Labor frontbencher Jim Chalmers has called for a change in the tenor of federal politics after banking royal commissioner Kenneth Hayne warned that trust in public institutions and decision-making had been “damaged or destroyed”.
By Tom McIlroy
The former High Court justice used a speech at Melbourne University to criticise political leaders for being captured by powerful vested interests and abandoning independent and reasoned policy for “three- or four-word slogans”.
Labor’s shadow treasurer, Mr Chalmers called for politicians to avoid being defensive about the criticism, first made public this week.
“I actually think there’s value in what Justice Hayne said,” Mr Chalmers told ABC radio.
“Our politics isn’t working as it should; there is something broken about it and if we reflect on it I think many of us share those kind of frustrations.
“It can be unnecessarily divisive, the rhetoric can be overblown. It can be unnecessarily polarising, it can be captured by the loudest and best-funded voices at the expense of middle Australia.”
Mr Chalmers said too often politicians got caught up in arguing about conflicts of the past instead of focusing on the challenges of the future.
“I think we should listen to what he has to say, but not just listen. We should be more focused on the future, more focused on what really matters … all of those issues are more important than the parlour games of politics and the three-word slogans.”
Trust in all sorts of institutions, governmental and private, has been damaged or destroyed.
— Kenneth Hayne
Mr Hayne used his speech to a constitutional law conference last month to make his first major public comments since handing down a landmark report into the banking and financial services sector, calling out decision-makers for eroding trust in politics.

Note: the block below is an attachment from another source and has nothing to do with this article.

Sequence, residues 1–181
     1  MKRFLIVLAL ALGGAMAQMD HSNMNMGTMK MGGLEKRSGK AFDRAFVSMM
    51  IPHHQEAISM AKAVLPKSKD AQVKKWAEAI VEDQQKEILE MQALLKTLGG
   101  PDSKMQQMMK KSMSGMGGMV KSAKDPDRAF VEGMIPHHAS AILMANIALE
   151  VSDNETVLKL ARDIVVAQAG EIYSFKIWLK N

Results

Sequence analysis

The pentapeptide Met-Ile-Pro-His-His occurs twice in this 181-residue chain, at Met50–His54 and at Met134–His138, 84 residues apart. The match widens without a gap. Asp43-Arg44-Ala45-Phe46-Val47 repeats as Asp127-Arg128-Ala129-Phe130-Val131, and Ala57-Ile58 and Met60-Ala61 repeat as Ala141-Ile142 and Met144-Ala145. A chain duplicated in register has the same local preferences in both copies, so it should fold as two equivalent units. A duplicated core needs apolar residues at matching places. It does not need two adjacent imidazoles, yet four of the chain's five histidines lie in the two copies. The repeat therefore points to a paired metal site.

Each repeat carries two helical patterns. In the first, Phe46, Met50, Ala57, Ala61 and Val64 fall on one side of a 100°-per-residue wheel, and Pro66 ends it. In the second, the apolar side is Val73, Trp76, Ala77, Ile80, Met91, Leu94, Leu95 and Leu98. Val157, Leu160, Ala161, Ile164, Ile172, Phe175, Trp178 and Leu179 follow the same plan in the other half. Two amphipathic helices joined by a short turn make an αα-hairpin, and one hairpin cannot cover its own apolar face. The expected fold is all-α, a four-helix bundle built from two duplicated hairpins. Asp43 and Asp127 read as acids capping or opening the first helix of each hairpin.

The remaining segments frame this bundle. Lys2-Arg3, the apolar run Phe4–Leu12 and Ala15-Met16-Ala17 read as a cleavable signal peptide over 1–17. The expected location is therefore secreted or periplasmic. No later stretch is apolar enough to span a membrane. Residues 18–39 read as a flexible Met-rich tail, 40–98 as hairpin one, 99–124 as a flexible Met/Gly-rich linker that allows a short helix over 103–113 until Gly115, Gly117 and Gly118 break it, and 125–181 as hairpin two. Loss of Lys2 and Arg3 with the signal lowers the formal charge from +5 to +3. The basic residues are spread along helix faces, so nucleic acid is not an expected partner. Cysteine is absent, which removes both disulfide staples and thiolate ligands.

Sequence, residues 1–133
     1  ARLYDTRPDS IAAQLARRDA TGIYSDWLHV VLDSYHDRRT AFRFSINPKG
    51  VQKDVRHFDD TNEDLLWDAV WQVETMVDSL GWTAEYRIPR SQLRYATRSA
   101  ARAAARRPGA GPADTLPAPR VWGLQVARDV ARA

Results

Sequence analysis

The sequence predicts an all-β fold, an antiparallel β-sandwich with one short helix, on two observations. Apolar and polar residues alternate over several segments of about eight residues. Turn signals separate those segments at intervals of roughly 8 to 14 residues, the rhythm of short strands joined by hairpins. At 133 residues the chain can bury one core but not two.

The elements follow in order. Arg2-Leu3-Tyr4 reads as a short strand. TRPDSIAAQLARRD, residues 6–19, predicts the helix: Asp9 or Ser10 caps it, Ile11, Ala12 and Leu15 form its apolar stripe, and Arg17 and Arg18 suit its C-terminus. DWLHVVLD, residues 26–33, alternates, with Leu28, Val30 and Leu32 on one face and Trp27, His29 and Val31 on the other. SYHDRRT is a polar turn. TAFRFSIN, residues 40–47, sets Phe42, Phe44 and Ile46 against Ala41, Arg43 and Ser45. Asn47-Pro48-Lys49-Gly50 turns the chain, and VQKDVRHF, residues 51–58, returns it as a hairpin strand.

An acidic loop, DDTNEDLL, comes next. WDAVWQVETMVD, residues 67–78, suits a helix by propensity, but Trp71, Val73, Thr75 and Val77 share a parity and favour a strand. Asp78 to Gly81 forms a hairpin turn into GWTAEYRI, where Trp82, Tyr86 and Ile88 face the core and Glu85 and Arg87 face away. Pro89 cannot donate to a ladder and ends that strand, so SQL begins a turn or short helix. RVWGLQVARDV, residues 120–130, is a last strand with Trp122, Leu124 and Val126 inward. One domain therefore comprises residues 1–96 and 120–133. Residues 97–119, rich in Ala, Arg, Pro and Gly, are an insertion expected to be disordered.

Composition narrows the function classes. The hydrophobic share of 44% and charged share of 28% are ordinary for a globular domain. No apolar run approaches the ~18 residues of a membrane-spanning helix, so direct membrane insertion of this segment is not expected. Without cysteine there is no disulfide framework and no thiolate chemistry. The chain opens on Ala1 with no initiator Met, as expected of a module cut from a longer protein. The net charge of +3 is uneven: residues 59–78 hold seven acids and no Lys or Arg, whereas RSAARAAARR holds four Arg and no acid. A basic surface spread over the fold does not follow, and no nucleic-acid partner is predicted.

Describing reasoned debates about issues of policy as rare, he said “three- or four-word slogans have taken their place”.
Mr Hayne told the event modern politics had an emphasis on partisanship and “processes that not only are opaque but also, too often, are seen as skewed, if not captured, by the interests of those large and powerful enough to lobby governments behind closed doors”.
He warned against dismissing growing calls for royal commissions into challenging political issues as “some passing fad or fashion”, saying Australia needed to grapple closely with “what these calls are telling us about the state of our democratic institutions”.
Arguing that reform of political institutions to replicate processes of a royal commission would require revealing more of the inner workings of government and how and why policy choices were made, Mr Hayne said too often the release of information did not led to better engagement or understanding.
“Trust in all sorts of institutions, governmental and private, has been damaged or destroyed. Our future is often framed as some return to an imaginary glorious past when the issues that now beset us had not arisen.”
Poor business practice
The Coalition is continuing to implement some of the Hayne commission’s 76 recommendations, but his call for lucrative commissions in the mortgage-broking industry were dropped.
Revelations of poor business practice and cultural problems have led to change in businesses and organisations beyond the banking sector.
“Political, and other commentary focuses on what divides us rather than what unites us,” Mr Hayne said.
“And political rhetoric now resorts to the language of war, seeking to portray opposing views as presenting existential threats to society as we now know it.”
First published at the Australian Financial Review, Thursday 8 August 2019. See: https://www.afr.com/politics/federal/call-for-change-after-hayne-warns-trust-in-politics-destroyed-20190808-p52f0b